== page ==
The Glass Menagerie (Duke of York’s Theatre)

Posted: June 1, 2022 in Theatre
Photo: Johan Persson

Writer: Tennessee Williams

Director: Jeremy Herrin


Last seen in the West End as recently as 2017 at this same theatre, Tennessee Williams’ semi-autobiographical play, The Glass Menagerie seems to have become elevated to a place alongside the writer’s better known and most frequently performed works. A study of how family ties draw in and repel, the play embraces themes that resonate widely and it includes a larger-than-life central female character who is equally as fascinating as other Williams creations, such as Maggie “the cat” and Blanche DuBois.

The play, Williams’ first success, premiered in 1944 and is set in 1930s depression era America. The Wingfields, abandoned by their patriarch 16 years earlier, have an impoverished lifestyle and Amanda, now in middle age, yearns for bygone days while still nurturing her two grown children, Laura and the younger Tom, who is forced to work in a menial job to support the family.

Director Jeremy Herrin breaks with custom by casting two actors to play Tom, a character who we take to be based on Williams himself, at different ages. Paul Hilton is the older version, narrating the play as he looks back on his family life with perhaps faltering memory, torn between feelings of relief and guilt for his escape. Tom Glynn-Carney is the rebellious Tom in his early 20s, suffocated by natural affection and his duty as the breadwinner, while finding nightly refuge in trips to the movies and longing to become a poet. This separation of the character enhances a sense of distance between past and present, without obscuring the writer’s essential point that none of us can ever break free completely from our roots.

Amy Adams is a memorable Amanda, defiantly proud and still sprightly as she dons a ball gown, saved from her glory days as a Southern belle, in readiness for the arrival of a now rare gentleman caller. “I know all about the tyranny of women” she declares and, showing no trace of malevolence, she becomes a monster, crossing the line between caring for her offspring and controlling them. Amanda refuses to let go of the past, recalling that she once attracted 17 gentleman callers in a single day, thereby demeaning her daughter who has none in any normal day. Adams brings out the strength and the sadness of a woman who is in denial about  the present and deluded about her children’s futures, specifically the prospects of marrying off crippled and introverted Laura and keeping restless Tom on his leash.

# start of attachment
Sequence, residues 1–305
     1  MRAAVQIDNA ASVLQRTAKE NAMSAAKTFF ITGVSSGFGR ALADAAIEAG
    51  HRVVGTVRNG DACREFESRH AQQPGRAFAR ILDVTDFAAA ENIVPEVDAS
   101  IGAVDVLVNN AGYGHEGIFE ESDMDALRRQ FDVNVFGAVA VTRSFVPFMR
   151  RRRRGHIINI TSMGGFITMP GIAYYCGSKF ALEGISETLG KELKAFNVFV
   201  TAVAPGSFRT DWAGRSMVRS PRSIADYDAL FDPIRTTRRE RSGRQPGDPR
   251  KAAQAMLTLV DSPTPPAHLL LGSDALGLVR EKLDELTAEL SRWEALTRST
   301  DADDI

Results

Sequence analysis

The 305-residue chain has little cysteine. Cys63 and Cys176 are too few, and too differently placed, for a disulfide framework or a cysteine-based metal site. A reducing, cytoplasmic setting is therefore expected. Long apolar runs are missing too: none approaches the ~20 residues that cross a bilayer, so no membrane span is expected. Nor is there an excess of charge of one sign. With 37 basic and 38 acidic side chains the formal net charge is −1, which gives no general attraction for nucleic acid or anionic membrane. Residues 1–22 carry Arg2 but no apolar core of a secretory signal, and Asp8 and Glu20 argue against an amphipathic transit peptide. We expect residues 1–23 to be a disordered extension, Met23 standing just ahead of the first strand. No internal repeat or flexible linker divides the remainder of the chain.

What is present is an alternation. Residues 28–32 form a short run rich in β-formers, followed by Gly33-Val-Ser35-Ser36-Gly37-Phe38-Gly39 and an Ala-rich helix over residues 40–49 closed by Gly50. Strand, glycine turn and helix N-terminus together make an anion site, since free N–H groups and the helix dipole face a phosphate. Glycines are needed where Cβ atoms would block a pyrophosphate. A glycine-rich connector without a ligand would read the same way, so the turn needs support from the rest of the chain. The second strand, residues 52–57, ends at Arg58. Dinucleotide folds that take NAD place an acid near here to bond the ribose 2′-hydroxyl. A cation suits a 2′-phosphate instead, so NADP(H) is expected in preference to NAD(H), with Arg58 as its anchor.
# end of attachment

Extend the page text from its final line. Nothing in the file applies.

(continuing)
Lizzie Annis is a childlike 24-year-old Laura, her shyness reinforced by her mother’s domination. She is overwhelmed by the gentleman caller, Tom’s work friend Jim O’Connor (a smooth talking Victor Alli). Their scene together, taking place during a power failure, should be pivotal, but it feels slightly overlong and laboured in this production.

Laura’s treasured glass menagerie becomes Williams’ metaphors for family and illusion, both of them fragile and inanimate. It gains prominence in Vicki Mortimer’s set design of the Wingfield’s shabby St Louis apartment; unfortunately, the writer’s direction that a memory play should be dimly lit is at times taken a little too literally by lighting designer Paule Constable.

A reflective and melancholy piece, The Glass Menagerie has no fireworks and contains none of the salacious themes that would become a Williams trademark in his later masterpieces. Herrin’s unspectacular yet beautifully acted revival captures the play’s tone fittingly throughout and its status as a classic of American theatre remains undiminished.

Performance date: 31 May 2022

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